Wednesday, December 01, 2004

John Laughland - no laughing matter 

Sick of Noam Chomsky, John Pilger, and all the other tired old faces selling old tired ideas? Want a fresh new talent who's also always consistently wrong on just about every major issue of the day? Meet John Laughland, a prolific opinion writer and a trustee of the British Helsinki Human Rights Group, a noble-sounding organization which "monitors human rights and democracy" in Western European and post-Soviet states. For the BHHRG, monitoring human rights and democracy seems to consist of waiting what the United States and Great Britain are saying, and then saying the opposite.

Not surprisingly, "the BHHRG observers did not see evidence of government-organized fraud nor of suppression of opposition media" during the Ukrainian elections. The BHHRG observers must have been just about the only Western observers not to see it. Remind me not to ask the Group for help if I ever misplace my car keys.

And so, John Laughland goes to bat not only defending the integrity of the Ukrainian electoral process but also siding with the post-communist oligarchs. For example, did you know that
"enormous rallies have been held in Kiev in support of the Prime Minister, Viktor Yanukovich, but they are rarely shown on our TV screens: if their existence is admitted, Yanukovich supporters are denigrated as having been 'bussed in'. The demonstrations in favour of Viktor Yushchenko have laser lights, plasma screens, sophisticated sound systems, rock concerts, tents to camp in and huge quantities of orange clothing; yet we happily dupe ourselves that they are spontaneous."
It's all a conspiracy, presumably by rock promoters and manufacturers of orange clothing. Of course it's only the authorities which should have the monopoly over "enormous rallies" (and laser lights); God forbid that the opposition should actually be well organized. And
"we are told that a 96 per cent turnout in Donetsk, the home town of Viktor Yanukovich, is proof of electoral fraud. But apparently turnouts of more than 80 per cent in areas that support Viktor Yushchenko are not."
I don't know, why don't we ask the government-controlled electoral commission which was supervising the election across the whole country. And how could Laughland possibly forget to smear the whole pro-democracy movement because some Ukrainian far-right and anti-Semitic groups and politicians also don't like the current government. It has been a standard communist tactic throughout the Cold War to portray all Eastern European emigre groups as unreconstructed fascists and Nazi collaborators. I'm glad that Laughland is still with the program (indeed it's so much fun, that John can't help himself but to also smear Michael Ledeen with the same brush - because as we all know, if you study fascism, you must be a fascist sympathizer yourself).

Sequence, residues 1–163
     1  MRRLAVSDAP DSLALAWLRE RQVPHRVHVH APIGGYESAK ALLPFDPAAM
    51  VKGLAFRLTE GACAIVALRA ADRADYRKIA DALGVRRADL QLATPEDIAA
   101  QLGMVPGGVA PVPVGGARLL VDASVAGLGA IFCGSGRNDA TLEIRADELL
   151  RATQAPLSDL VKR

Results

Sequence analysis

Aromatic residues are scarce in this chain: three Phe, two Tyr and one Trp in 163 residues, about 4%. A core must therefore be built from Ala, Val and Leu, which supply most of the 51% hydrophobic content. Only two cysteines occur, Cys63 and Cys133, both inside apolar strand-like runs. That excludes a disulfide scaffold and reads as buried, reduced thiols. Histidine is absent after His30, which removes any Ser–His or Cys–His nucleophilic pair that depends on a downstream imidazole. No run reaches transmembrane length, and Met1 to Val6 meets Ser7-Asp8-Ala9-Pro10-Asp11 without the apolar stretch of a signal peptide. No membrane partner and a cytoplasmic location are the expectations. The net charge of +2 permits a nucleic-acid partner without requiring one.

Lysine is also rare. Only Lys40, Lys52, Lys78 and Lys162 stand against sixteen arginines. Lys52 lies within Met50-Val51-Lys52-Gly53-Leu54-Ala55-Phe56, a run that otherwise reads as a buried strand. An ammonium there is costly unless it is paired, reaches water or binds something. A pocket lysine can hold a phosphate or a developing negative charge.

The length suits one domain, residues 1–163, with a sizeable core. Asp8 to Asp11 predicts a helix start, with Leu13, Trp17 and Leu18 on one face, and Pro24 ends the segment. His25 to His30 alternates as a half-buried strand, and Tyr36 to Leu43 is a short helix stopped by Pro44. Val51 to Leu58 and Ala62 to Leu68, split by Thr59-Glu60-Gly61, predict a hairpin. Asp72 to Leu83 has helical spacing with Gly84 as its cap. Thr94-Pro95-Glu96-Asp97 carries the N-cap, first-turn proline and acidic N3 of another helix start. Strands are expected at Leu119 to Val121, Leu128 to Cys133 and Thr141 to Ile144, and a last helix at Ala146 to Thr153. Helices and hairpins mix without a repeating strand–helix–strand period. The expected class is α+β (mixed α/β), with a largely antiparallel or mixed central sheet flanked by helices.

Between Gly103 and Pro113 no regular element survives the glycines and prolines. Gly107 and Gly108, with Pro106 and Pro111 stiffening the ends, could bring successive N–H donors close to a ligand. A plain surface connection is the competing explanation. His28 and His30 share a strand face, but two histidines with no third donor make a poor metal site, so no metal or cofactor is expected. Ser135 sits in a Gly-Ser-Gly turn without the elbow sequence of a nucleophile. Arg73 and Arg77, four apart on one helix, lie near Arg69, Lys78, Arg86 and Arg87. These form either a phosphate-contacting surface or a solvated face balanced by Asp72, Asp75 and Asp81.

"Our tendency to paint political fantasies onto countries such as Ukraine that are tabula rasa for us, and to present the West as a fairy godmother swooping in to save the day, is not only a way to salve a guilty conscience about our own political shortcomings; it also blinds us to the reality of continued brazen Western intervention in the democratic politics of other countries," Laughland concludes.

Silly us. How dare we intervene in the democratic politics of other countries. Like Zimbabwe, for example. You see, according to Laughland, the West cannot criticize the sad joke that was the Zimbabwean elections because similar abuses are being condoned elsewhere around the world. Typical argument goes something like this: "Another charge levelled at Zimbabwe is government control of the media. But this did not bother the [Organisation for Security and Cooperation in Europe] at the Montenegrin parliamentary elections in 1998." Possibly because in addition to complete media monopoly, Zimbabwean authorities were also killing and imprisoning opposition politicians and supporters, intimidating voters with armed militias and stuffing ballot boxes.

But why stop at Zimbabwe?
"We should treat with skepticism the claims made for the numbers of deaths - 30,000 or 50,000 are the figures being bandied about - when we know that similar statistics proved very wrong in Kosovo and Iraq. The Sudanese government says that the death toll in Darfur, since the beginning of the conflict in 2003, is not greater than 1,200 on all sides. And why is such attention devoted to Sudan when, in neighboring Congo, the death rate from the war there is estimated to be some 2 or 3 million, a tragedy equaled only by the silence with which it is treated in our media?
But hey, how do we know that the death toll in Congo is really 2 or 3 million? Maybe it's also "1,200 on all sides" - according to the official government figures, of course. And yes, you guessed it - the West is only interested in Sudan because of oil. Which is why the West intervened militarily in Darfur. Oh... it hasn't? Anyway, Congo is far richer in natural resources than Sudan and no one's interested. Go figure those weird Westerners.

And so it goes. Another week, another dictator will be defended, because if your own society is always in the wrong, well, that can only mean its opponents must be always be right. Next stop: North Korea, its misunderstood leader and the adoring population. Grass for dinner, anyone?


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